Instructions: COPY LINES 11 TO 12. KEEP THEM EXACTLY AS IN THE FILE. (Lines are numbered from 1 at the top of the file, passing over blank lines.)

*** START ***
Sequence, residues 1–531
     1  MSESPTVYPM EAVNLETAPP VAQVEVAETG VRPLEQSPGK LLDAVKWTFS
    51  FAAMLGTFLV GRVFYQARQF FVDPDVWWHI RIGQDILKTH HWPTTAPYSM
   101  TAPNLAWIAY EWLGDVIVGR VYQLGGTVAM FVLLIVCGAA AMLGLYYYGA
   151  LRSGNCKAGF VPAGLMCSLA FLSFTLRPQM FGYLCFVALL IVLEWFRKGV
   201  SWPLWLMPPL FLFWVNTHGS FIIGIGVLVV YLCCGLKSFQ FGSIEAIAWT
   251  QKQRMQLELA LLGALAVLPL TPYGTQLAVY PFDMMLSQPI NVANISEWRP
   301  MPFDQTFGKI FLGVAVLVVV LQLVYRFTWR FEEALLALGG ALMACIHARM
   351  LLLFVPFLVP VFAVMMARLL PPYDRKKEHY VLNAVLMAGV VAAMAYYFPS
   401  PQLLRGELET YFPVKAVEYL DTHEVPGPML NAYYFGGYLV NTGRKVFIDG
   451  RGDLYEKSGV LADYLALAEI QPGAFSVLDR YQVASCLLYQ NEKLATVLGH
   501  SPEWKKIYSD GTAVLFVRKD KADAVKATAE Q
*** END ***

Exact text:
   451  RGDLYEKSGV LADYLALAEI QPGAFSVLDR YQVASCLLYQ NEKLATVLGH
   501  SPEWKKIYSD GTAVLFVRKD KADAVKATAE Q